Nowhere are the failings of traditional utility regulation more evident than on Long Island. The New York Public Service Commission (PSC) has raised rates for the Long Island Lighting Co. (LILCO)...
Kilowatts by Choice, Ready or Not
1, 1998 through Dec. 31, 2002) and guaranteed rate reductions during the transition. The PUC rejected an earlier T-NMP plan last year that had called for a rate freeze and community, rather than individual customer, choice. State legislation died this year and won't be taken up again until 1999.
Conducting Studies, Gathering Data
Finally, there are states perhaps waiting for cues for some more advanced programs. Many are conducting studies.
Connecticut. Legislators in Connecticut came close to voting on a bill that would have brought customer choice to the state, but it was withdrawn at the last minute in May. Now, technically, the Department of Public Utility Control can't take any action on electric industry restructuring until state legislators pass a bill, but that doesn't mean the staff is sitting on its hands. A spokesperson said they are working to determine what dockets and customer outreach programs, for example, they will need.
Delaware. An August draft report, prepared by PSC staff, recommends that retail choice be phased in for all customers of Delmarva Power & Light Co., and the Delaware Electric Cooperative, from April 1999 through April 2003 (25 percent of load for each customer class per year). Staff admitted, though, that "increased competition in Delaware may not produce the level of economic benefits that are anticipated in states with higher electricity prices, and may even create new risks for electricity customers." A final draft is due to the PSC Nov. 21. The PSC will deliver a final report to the Delaware House of Representatives by Jan. 31, 1998.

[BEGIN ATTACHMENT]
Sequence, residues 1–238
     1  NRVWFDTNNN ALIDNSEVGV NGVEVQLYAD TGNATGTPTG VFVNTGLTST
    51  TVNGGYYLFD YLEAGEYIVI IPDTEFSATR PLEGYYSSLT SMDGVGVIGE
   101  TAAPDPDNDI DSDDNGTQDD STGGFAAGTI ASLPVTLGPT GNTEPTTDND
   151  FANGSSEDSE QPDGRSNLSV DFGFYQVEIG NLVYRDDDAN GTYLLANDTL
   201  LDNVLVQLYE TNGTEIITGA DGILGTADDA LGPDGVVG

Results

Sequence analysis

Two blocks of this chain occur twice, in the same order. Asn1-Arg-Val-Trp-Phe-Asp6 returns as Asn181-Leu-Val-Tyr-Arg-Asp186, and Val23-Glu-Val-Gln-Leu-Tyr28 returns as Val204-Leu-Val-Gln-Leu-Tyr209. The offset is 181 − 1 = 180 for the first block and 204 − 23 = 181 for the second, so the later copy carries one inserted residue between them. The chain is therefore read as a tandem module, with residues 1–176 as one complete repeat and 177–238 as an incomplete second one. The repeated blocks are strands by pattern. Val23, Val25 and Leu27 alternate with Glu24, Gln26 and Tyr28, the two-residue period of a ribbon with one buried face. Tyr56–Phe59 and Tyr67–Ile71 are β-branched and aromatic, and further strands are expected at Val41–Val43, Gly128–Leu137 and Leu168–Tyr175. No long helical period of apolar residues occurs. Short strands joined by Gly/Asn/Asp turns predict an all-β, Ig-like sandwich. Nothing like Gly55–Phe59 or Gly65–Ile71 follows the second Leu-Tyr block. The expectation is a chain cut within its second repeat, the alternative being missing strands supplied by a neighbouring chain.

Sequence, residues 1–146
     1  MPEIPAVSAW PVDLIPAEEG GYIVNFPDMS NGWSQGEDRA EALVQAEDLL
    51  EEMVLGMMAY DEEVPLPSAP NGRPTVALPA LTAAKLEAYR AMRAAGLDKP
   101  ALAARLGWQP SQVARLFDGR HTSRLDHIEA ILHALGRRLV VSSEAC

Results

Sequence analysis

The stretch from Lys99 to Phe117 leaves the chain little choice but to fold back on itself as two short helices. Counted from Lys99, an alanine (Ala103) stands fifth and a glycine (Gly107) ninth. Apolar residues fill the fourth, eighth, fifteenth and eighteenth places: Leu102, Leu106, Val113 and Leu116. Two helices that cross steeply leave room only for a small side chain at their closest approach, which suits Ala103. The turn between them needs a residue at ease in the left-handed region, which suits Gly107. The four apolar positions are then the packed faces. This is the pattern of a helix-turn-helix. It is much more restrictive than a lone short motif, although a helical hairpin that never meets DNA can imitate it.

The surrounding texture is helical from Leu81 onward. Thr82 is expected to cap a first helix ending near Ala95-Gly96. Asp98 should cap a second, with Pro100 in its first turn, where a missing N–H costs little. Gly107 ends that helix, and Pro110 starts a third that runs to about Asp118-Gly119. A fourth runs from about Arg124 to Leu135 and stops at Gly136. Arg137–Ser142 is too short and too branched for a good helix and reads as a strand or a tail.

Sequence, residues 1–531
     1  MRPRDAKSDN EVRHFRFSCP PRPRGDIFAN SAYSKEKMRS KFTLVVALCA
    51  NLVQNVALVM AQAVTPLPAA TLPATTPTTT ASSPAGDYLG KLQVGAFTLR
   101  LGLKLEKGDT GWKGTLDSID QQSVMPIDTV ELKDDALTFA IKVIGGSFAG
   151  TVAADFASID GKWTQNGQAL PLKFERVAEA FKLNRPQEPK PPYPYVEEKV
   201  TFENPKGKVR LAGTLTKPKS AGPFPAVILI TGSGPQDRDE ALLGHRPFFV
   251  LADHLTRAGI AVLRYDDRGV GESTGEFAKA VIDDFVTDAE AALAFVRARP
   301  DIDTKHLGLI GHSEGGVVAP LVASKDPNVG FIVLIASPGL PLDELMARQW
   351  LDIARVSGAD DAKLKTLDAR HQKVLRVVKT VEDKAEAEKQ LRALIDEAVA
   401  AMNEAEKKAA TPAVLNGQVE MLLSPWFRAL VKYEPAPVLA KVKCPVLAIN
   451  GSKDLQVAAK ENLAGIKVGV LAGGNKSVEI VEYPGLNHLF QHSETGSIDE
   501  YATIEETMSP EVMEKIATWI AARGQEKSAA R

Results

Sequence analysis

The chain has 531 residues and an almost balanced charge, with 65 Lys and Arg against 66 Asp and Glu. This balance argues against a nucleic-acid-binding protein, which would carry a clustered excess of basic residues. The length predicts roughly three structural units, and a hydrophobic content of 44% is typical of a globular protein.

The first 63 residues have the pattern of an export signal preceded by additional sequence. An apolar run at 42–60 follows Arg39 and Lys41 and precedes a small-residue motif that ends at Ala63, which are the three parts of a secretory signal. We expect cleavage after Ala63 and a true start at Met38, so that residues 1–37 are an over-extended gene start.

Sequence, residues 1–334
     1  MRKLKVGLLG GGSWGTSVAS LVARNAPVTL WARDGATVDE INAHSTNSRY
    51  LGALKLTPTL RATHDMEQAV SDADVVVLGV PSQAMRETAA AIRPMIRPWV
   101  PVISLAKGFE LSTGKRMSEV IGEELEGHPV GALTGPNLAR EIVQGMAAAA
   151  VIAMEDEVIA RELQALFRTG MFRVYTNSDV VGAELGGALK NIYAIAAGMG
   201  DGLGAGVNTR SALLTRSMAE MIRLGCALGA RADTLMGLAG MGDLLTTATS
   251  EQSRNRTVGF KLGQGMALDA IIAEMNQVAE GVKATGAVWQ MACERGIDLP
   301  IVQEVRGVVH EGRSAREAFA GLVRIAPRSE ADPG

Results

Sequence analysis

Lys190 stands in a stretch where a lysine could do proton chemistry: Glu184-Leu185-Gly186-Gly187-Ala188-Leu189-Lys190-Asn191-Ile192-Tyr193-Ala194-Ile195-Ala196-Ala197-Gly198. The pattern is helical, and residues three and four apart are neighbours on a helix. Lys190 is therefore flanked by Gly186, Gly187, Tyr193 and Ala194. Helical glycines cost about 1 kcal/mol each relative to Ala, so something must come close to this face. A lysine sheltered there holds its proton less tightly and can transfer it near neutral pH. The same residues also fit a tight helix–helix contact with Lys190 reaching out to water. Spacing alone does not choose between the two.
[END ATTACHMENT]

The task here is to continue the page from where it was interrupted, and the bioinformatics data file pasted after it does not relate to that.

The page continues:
Georgia. Commission staff presented its Proposed Plan for Studying Restructuring Issues, 1997-2001 in July. Five focus groups (Statutory Changes, Principles to Consider, System Operations, Tax Implications of Restructuring, Stranded Cost) also presented their findings. The General Assembly is looking separately at the issue.
Hawaii. The commission opened a generic docket in December and should have a report by early next year. Milton Higa, the PSC's administrative director, says the commission is acting on its own; the legislation isn't "under siege" by customers, and there aren't many large industrial customers that could take up the cause, as has happened in mainland states. "We're not oblivious to what's going on, but there are physical and environmental constraints we're cognizant of" (em in particular the fact that there are no transmission links between the islands.
Indiana. The Indiana Utility Regulatory Commission presented its annual "Regulatory Flexibility" reports to the General Assembly (see, www.ai.org/iurc/electric/restruct.html.) A legislative committee is studying the issue and could have a final draft report submitted to the General Assembly as early as this month.
Kansas. The state is halfway through a governor-mandated, three-year study period.
No pilot programs have been filed with the Kansas Corporation Commission yet, but Midwest Energy Inc., a co-op in Hays, plans to file its plan this fall, which would make customer choice available to all its members. "Our customers own the system," a spokesperson said. "How dare we say they can't use it fully?"
A study by The National Regulatory Research Institute at the request of the